The holiday season kicks of at KSC with Tuba Christmas
A 48-year tradition returned to Keene State on December 5.
Each year, performers and patrons gather in the Mabel Brown Room for Tuba Christmas, a Keene State tradition since 1979. It’s part of a nationwide series of Tuba Christmas events.
This year’s event brought together three generations of Tuba Christmas coordinators: Dr. John Hart, current coordinator of KSC’s Tuba Christmas, his immediate predecessor, James Chesebrough and Doug Nelson, who coordinated the first Tuba Christmas event at Keene State.
For Chesebrough, this was his first time returning to Keene for Tuba Christmas since retiring. He was the coordinator of Tuba Christmas for 11 years at Keene State College. Chesebrough conducted the ensemble for “Hark! The Herald Angels Sing.”
Chesebrough said the response from audience members each year was a highlight of the experience, “The audience was amazing,” Chesebrough said. “They would fill up the Mabel Brown Room downstairs and there’d be people in the balcony. Afterwards, people would come up and say [that] they start their Christmas season with Tuba Christmas.”
Nelson shared similar sentiments about the event, “Many audience members, and players as well, have said repeatedly that this event welcomes in the spirit of the holidays in a unique way for them. It’s always a pleasure to know how appreciative our audiences always are to attend this free event year after year.”
Nelson conducted “Angels We Have Heard on High” and “Lo How A Rose Ere Blooming.”
This year, the ensemble performed a series of holiday favorites, including “Jingle Bells,” “Deck the Halls” and “The First Noel.” They also performed a well-known holiday song, but with a slight play on words. There is a Tuba Christmas tradition of performing “Joy to the World,” but under the name of “Joy Tuba World.”
“As a Tuba Christmas event, you have to call it ‘Joy Tuba World,’ or else the old guard will yell at you,” Hart said.
The event reaches beyond the Keene community. Typically, the event attracts over 60 tuba and euphonium players of various ages and backgrounds from around the country. “We get people from all walks of life,” Hart said.
“We’ve had people who are brand new on an instrument, 12-years-old, joining us for a Tuba Christmas. We’ve had people who are upwards of 90 playing in our ensembles, so it’s a phenomenal age range that we get. It’s a lot of fun.”
For some performers, it is not their first experience with Tuba Christmas, nor will it be their last. Many players make participating in Tuba Christmas a yearly tradition.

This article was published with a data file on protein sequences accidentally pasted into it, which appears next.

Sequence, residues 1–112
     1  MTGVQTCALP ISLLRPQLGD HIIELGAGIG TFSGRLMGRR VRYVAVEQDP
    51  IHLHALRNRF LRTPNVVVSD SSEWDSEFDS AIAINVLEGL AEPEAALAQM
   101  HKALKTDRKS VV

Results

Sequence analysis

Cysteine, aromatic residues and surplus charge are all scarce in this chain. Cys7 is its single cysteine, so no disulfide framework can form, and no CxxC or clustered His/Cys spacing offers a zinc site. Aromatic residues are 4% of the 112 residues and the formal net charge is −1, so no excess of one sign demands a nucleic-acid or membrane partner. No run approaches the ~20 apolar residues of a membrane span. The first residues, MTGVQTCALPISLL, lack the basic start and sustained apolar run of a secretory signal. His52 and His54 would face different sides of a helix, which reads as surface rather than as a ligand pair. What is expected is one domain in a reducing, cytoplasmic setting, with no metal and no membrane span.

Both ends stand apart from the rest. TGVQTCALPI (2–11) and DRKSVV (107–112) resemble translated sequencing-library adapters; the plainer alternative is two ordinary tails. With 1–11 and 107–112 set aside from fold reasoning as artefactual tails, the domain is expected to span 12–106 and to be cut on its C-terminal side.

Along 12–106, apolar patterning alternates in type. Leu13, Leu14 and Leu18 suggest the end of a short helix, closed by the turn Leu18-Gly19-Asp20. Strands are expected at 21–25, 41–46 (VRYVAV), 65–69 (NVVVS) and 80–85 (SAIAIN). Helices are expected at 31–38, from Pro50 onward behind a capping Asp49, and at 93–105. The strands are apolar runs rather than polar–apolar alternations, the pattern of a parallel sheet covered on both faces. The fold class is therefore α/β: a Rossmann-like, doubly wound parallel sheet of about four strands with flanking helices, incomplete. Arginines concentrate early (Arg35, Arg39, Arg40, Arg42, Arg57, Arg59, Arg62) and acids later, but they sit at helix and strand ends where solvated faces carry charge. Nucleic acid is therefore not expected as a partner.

“Some people go to as many Tuba Christmas events as they possibly can,” Hart said. “A lot of these people know each other, a lot of these people see each other every year, and this is sort of one of those touchstone moments in their year.”
Registration for this year’s Tuba Christmas started at 11 a.m. the day of the performance, with a rehearsal starting soon after at 11:30 a.m. This allows performers just over an hour to prepare for the performance at 1 p.m.
Despite the short preparation time, Hart said most performers come prepared. All Tuba Christmas events center around a book of musical selections called “Carols for a Merry Tuba Christmas,” making it easier to create a unified sound with minimal rehearsal time.
“The nice thing is that most of the people who go to Tuba Christmas events, this will not be their first Tuba Christmas,” Hart said. “Typically, people will have had the book from either past events, or they’ve already purchased the book elsewhere, or at a different Tuba Christmas event or at our Tuba Christmas event in years past.”
Hart spends time listening to the overall sound during the pre-show rehearsal and adjusting parts as needed.
Because of COVID-19 restrictions, the Mabel Brown Room was operating at a 100-person capacity. However, there was overflow space provided in the Night Owl Cafe and the Madison Street Lounge. Hart said he was glad to be able to host the event, despite COVID-19 restrictions.
Hart said his favorite part of Tuba Christmas is the entry into the holiday season. “For me, it’s the joy. I’m like Mr. Christmas, so for me, it’s the joy of entering the Christmas season,” Hart said. “It’s the opening door to the Christmas season, so that always fills me with delight.”
Caitlin Howard can be contacted at email@example.com